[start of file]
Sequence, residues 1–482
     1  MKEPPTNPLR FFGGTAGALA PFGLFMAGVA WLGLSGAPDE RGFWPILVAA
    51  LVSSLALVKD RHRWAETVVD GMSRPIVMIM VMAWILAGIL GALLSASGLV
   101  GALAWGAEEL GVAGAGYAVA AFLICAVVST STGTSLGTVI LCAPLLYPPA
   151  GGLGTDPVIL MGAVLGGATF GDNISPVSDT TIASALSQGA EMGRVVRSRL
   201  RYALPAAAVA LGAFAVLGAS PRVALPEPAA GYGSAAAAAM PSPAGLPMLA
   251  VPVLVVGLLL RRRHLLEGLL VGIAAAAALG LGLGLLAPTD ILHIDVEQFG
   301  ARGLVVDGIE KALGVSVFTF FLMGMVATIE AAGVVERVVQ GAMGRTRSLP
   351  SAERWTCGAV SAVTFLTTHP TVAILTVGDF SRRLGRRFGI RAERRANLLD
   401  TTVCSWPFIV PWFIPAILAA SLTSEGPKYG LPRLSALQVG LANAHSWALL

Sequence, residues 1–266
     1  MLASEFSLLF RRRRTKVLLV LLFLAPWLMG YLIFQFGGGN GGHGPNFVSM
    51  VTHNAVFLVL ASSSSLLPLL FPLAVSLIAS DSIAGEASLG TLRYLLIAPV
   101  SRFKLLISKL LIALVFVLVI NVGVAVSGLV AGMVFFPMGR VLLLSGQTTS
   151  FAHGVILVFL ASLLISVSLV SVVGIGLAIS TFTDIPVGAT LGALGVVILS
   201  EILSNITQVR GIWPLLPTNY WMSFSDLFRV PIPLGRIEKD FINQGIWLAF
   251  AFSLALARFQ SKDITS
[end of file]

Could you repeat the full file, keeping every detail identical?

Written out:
Sequence, residues 1–482
     1  MKEPPTNPLR FFGGTAGALA PFGLFMAGVA WLGLSGAPDE RGFWPILVAA
    51  LVSSLALVKD RHRWAETVVD GMSRPIVMIM VMAWILAGIL GALLSASGLV
   101  GALAWGAEEL GVAGAGYAVA AFLICAVVST STGTSLGTVI LCAPLLYPPA
   151  GGLGTDPVIL MGAVLGGATF GDNISPVSDT TIASALSQGA EMGRVVRSRL
   201  RYALPAAAVA LGAFAVLGAS PRVALPEPAA GYGSAAAAAM PSPAGLPMLA
   251  VPVLVVGLLL RRRHLLEGLL VGIAAAAALG LGLGLLAPTD ILHIDVEQFG
   301  ARGLVVDGIE KALGVSVFTF FLMGMVATIE AAGVVERVVQ GAMGRTRSLP
   351  SAERWTCGAV SAVTFLTTHP TVAILTVGDF SRRLGRRFGI RAERRANLLD
   401  TTVCSWPFIV PWFIPAILAA SLTSEGPKYG LPRLSALQVG LANAHSWALL

Sequence, residues 1–266
     1  MLASEFSLLF RRRRTKVLLV LLFLAPWLMG YLIFQFGGGN GGHGPNFVSM
    51  VTHNAVFLVL ASSSSLLPLL FPLAVSLIAS DSIAGEASLG TLRYLLIAPV
   101  SRFKLLISKL LIALVFVLVI NVGVAVSGLV AGMVFFPMGR VLLLSGQTTS
   151  FAHGVILVFL ASLLISVSLV SVVGIGLAIS TFTDIPVGAT LGALGVVILS
   201  EILSNITQVR GIWPLLPTNY WMSFSDLFRV PIPLGRIEKD FINQGIWLAF
   251  AFSLALARFQ SKDITS